Based on the Cessna Model 182 Skylane, the Turbo 182 NXT has a passenger capacity of four people, can carry 1,000 pounds (454 kg) and reach a maximum height of 20,000 feet (6,096 meters). The propeller runs slower than previous aircraft, so the turbocharger runs quieter, and there are also no lead or carbon monoxide emissions. The aircraft has undergone extensive reliability and flight testing and is expected to go on the market next year with a list price of US$515,000.

Source: Cessna

I know that Cessna 182s in Europe have been available with diesel engines for awhile now, but not in the US (that I know of). They would burn Jet A because it's basically kerosene, which is basically diesel fuel.
Seems this has been an optional upgrade since 2008...
WW2 saw some German planes flying with diesel engines... (Junkers) (Deemed not suitable for fighters)
While fuel was cheap, there was no need to use more expensive engines... So why develop a diesel engine for small aircraft (large aircraft needed more power than was easily available form piston engines so naturally switched to turbine engines..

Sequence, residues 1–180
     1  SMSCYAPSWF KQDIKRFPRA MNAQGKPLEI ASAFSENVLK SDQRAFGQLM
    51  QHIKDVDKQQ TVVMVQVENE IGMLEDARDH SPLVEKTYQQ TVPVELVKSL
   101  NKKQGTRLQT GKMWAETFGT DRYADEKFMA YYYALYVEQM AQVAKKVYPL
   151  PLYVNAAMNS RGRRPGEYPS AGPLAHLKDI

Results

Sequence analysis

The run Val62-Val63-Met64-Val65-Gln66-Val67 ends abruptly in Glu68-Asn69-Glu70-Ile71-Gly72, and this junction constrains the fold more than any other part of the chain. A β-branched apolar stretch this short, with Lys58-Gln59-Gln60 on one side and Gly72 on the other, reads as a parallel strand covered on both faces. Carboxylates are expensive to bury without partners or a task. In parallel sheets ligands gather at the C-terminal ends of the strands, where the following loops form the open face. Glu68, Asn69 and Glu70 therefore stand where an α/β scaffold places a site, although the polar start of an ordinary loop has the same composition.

Most of the "downsides" are merely manpower related... The engineering time needs to be paid for, probably none of them are insurmountable... Modern Diesel engines in cars are the example of what can be achieved when the time to develop is invested.
An flight certified diesel has been around for a few years now.
Add several more blades and turn the prop significantly slower will make the plane a lot quieter. The US Army developed a plane that was inaudible at a thousand feet in 1968 and had deployed a "Production model" in 1970.
"a single-engine prop plane that is the first to burn Jet A" - diesel powered singles have been around for years, mainly in homebuild/kitplanes but Diamond were selling the Thielert diesel powered DA40D nearly 10 years ago. There have also been diesel engines retrofitted to certified aircraft.
The biggest drawback is the extra weight caused by the need to withstand higher compression ratios, not quite offset by the reduced fuel burn requiring less fuel to be carried. Another advantage in Europe is that Avgas is heavily taxed whereas Jet A isn't although the additional price of the SMA-engined 182 will offset any savings.